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A Destiny of Her Own movie review

Released elsewhere as Dangerous Beauty
A Destiny of Her Own

It is Venice during the days of the great city states, their courtesans are the most educated women in the world. Proper women in Venice were heavily draped in black and ignorance, after all, a woman whose job is reproduction does not need to be educated, but it makes her dull company indeed. So while the nice girls are locked out of libraries and away from maps and politics, the courtesans are groomed, informed and educated. They are the companions of men, and must be able to meet them as equals.

When Veronica (Catherine McCormack) discovers that her love (Rufus Sewell) cannot marry her because he is destined, like her friend, his sister, for a 'great' contractual marriage, her mother (Jacqueline Bisset) takes Veronica's real education in hand. "Marriage," mama says, "is a contract, Veronica, not a perpetual tryst.". On the other hand, in a society where marriage and love are so carefully and strenuously divided, you can have the man, without the marriage. As long as you are cautious.

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"Love love, but do not love the man, or you will be in his power"

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Her choices are made clear to her, an ignoble marriage (she has no dowry), a nunnery where conditions are harsh to say the least, or sexual merchantry. Under her mother Paola's tutelage, Veronica discovers that in a society where females live in "the state of perpetual inconsequence", the price of freedom is sex. However, this is not necessarily a bed of nails. It does offer her options hitherto kept from her. Says Marshall Herskovitz, "In the 1500s, ...(courtesans) were the only women who could become artists, the only women who could own property."

At first Veronica blossoms, publishing poetry, besting the poet Maffio (Oliver Platt) at both poetry and sword play, and negotiating an alliance to protect Venice. But life isn't all wine and roses -- enter the villain. In this case the Inquisitors. My, the Catholic church makes a convincing villain.

Based on the biography of Veronica Franco (The Honest Courtesan), A Destiny of Her Own uses the characters well to illustrate the different aspects of society. Veronica and her friend Beatrice (Moria Kelly) contrast the two roles of women in Venetian society -- both defined by sexual activity. A variety of male characters accept or are threatened by Veronica as a person of courage and intelligence, and Paola is the voice of reason, a woman who knows supports her daughter and orchestrates her success. She demonstrates that older women do not envy younger women -- they fear for them, knowing what rude awakenings and dangers lie ahead.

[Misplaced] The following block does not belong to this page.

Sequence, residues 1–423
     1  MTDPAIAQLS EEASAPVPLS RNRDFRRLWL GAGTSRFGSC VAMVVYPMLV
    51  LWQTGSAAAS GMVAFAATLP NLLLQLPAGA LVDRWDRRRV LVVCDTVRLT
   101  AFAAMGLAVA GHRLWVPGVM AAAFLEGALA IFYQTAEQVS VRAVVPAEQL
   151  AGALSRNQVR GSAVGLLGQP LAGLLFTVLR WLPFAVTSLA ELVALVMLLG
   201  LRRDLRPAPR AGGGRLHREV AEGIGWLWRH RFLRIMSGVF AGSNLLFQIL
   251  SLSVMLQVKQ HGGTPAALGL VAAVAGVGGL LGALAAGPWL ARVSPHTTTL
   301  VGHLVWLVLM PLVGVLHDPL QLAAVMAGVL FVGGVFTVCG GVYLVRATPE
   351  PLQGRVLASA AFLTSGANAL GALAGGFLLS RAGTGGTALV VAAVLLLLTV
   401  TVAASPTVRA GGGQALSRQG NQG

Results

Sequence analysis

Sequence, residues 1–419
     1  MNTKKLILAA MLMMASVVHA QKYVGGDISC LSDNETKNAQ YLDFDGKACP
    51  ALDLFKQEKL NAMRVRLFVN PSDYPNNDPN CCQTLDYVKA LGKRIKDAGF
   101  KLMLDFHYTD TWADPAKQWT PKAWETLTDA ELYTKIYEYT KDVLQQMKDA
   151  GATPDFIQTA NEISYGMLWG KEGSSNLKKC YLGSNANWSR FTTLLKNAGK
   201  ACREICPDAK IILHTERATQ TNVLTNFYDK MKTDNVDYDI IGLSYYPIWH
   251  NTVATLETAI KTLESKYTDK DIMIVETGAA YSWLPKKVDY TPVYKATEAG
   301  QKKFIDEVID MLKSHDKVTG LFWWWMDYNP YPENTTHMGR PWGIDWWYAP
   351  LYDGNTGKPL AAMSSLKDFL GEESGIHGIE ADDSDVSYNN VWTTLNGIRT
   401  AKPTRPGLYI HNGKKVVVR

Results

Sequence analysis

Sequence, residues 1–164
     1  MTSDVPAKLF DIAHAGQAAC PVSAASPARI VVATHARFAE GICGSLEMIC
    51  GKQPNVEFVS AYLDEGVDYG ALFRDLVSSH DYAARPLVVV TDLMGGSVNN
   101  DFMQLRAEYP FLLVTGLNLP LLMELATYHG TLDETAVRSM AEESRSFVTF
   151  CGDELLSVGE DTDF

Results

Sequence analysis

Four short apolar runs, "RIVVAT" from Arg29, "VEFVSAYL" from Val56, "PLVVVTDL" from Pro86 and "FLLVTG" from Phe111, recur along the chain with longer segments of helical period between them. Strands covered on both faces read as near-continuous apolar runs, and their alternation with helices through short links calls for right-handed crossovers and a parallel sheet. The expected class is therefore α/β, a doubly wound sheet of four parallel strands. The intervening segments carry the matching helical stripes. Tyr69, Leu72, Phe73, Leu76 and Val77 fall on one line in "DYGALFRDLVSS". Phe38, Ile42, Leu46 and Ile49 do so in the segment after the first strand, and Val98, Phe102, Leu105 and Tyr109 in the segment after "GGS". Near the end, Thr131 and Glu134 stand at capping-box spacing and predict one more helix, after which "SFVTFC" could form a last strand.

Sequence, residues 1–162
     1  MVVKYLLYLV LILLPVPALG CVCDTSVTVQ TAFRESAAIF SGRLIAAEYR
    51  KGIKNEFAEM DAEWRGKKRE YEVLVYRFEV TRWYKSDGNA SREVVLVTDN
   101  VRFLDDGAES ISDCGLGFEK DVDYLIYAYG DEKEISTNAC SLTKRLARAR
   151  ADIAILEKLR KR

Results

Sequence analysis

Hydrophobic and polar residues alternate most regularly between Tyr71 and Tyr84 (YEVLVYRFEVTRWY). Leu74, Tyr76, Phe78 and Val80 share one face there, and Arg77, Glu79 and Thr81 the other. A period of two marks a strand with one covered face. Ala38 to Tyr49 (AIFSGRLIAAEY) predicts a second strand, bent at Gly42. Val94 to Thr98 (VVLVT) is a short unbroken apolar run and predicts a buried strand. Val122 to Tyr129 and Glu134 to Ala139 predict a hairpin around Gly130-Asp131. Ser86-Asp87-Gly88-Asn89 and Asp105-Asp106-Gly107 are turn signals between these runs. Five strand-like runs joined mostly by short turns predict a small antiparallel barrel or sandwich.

This Venice is not a historically accurate Venice, it is considerably cleaned-up, as is its populace. The characters are in period-like costumes, with naturalistic contemporary make up, the film makers believing this distract less from the story.

I saw Destiny with an audience, and they enjoyed the film immensely, especially the lessons of the estimable Paola. The Australian title, A Destiny of Her Own is much stronger. Dangerous Beauty, the title and the posters, suggests that female sexuality is by definition misused power, while A Destiny of Her Own is a reference to Virginia Woolf and the tradition of female artists and writers and thinkers. Not surprising, since despite the film's message that women are real people with minds and talents and appetites, the film markers themselves were not convinced that this is true. Says Herskovitz of Veronica, "She is funny, she is wise, she is sexual, she is poetic. To find this in one person is terribly difficult." He should get out more widely.

Ultimately, this is an enjoyable film, with a point, with a worthwhile heroine, and with a considerable attention to detail. Well worth the time.

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Due for Australian release, March 18, 1999

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Just the facts:

Title: A Destiny of Her Own (1998)
Written by: novel (The Honest Courtesan) by Margaret Rosenthal, screenplay by Jeannine Dominy  
Directed by: Marshall Herskovitz  
Produced by: Sarah Caplan, Marshall Herskovitz, Paolo Lucidi (co-producer), Arnon Milchan, Michael G. Nathanson (executive), Debra Petro (associate), Stephen Randall (executive), Edward Zwick
Edited by: Arthur Coburn, Steven Rosenblum  
Director of Photography: Bojan Bazelli  

The Players: Catherine McCormack .... Veronica Franco
Rufus Sewell .... Marco Venier
Jacqueline Bisset .... Paola Franco
Oliver Platt .... Maffio Venier
Official website: http://www.newregency.com/dangerous/
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